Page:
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Trait impulsivity influences behavioural and physiological responses to threat in a virtual environment

Baker, C, Fairclough, S, Ogden, RS, Barnes, R and Tootill, J (2024) Trait impulsivity influences behavioural and physiological responses to threat in a virtual environment. Scientific Reports, 14.

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Trait impulsivity represents a tendency to take action without forethought or consideration of consequences. This trait is multifaceted and can be decomposed into attentional, motor and non-planning subtypes of impulsivity. The purpose of the current study was to investigate how subtypes of trait impulsivity responded to different degrees of threat within room-scale virtual reality (VR) with respect to behaviour and level of physiological activation. Thirty-four participants were required to negotiate a virtual environment (VE) where they walked at height with the continuous threat of a virtual ‘fall.’ Behavioural measures related to the speed of movement, interaction frequency and risk were collected. Participants also wore ambulatory sensors to collect data from electrocardiogram (ECG) and electrodermal activity (EDA). Our results indicated that participants who scored highly on non-planning impulsivity exhibited riskier behaviour and higher skin conductance level (SCL). Participants with higher motor impulsivity interacted with more objects in the VE when threat was high, they also exhibited contradictory indicators of physiological activation. Attentional impulsivity was associated with a greater number of falls across the VE. The results demonstrate that subtypes of trait impulsivity respond to threats via different patterns of behaviour and levels of physiological activation, reinforcing the multifaceted nature of the trait.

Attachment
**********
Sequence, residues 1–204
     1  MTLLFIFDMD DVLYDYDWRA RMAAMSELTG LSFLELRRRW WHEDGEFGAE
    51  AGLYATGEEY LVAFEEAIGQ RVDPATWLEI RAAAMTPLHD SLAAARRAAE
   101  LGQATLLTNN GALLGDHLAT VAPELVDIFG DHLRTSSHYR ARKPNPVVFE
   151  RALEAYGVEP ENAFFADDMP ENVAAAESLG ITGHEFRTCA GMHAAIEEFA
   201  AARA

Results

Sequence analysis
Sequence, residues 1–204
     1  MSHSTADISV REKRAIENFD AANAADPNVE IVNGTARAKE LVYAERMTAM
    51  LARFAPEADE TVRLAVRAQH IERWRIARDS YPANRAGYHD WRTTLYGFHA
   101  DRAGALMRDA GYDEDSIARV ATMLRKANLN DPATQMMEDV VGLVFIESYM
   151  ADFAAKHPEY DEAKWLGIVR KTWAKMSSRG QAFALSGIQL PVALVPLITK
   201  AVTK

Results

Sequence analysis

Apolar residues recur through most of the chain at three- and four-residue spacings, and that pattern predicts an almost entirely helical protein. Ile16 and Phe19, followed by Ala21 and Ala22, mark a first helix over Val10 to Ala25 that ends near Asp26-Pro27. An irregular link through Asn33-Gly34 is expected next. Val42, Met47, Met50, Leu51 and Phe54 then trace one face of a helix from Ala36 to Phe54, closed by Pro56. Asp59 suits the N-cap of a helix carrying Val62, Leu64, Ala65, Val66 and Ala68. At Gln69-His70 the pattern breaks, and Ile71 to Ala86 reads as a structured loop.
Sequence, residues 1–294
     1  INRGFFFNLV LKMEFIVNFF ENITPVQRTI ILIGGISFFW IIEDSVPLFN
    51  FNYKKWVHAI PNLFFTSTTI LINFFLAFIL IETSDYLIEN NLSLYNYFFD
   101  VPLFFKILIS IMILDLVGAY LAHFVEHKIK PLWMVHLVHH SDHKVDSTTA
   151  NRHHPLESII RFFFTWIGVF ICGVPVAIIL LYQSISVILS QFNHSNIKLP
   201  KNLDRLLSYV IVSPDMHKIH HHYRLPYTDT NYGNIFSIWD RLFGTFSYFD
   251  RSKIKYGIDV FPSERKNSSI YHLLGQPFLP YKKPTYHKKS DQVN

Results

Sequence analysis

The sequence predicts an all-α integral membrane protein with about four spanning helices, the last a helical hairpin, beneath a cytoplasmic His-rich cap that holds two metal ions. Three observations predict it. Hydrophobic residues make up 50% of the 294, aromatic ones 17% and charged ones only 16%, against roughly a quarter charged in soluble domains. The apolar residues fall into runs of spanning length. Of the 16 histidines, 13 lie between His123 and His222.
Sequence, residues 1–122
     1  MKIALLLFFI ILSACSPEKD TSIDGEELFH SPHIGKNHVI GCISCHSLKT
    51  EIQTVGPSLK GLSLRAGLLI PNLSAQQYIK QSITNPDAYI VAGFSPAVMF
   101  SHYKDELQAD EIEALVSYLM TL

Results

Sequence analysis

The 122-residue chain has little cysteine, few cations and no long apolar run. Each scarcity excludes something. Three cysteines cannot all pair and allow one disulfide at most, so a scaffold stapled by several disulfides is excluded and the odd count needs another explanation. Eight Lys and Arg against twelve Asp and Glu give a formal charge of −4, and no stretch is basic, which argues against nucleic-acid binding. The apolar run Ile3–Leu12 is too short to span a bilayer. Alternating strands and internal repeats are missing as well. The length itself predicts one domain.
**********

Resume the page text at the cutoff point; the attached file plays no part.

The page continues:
Item Type: Article
Subjects: B Philosophy. Psychology. Religion > BF Psychology
Q Science > QA Mathematics > QA75 Electronic computers. Computer science
Divisions: Computer Science & Mathematics
Publisher: Nature Research
SWORD Depositor: A Symplectic
Date Deposited: 29 Apr 2024 15:12
Last Modified: 29 Apr 2024 15:12
DOI or ID number: 10.1038/s41598-024-60300-6
Editors: Jones, A
URI: https://researchonline.ljmu.ac.uk/id/eprint/23136
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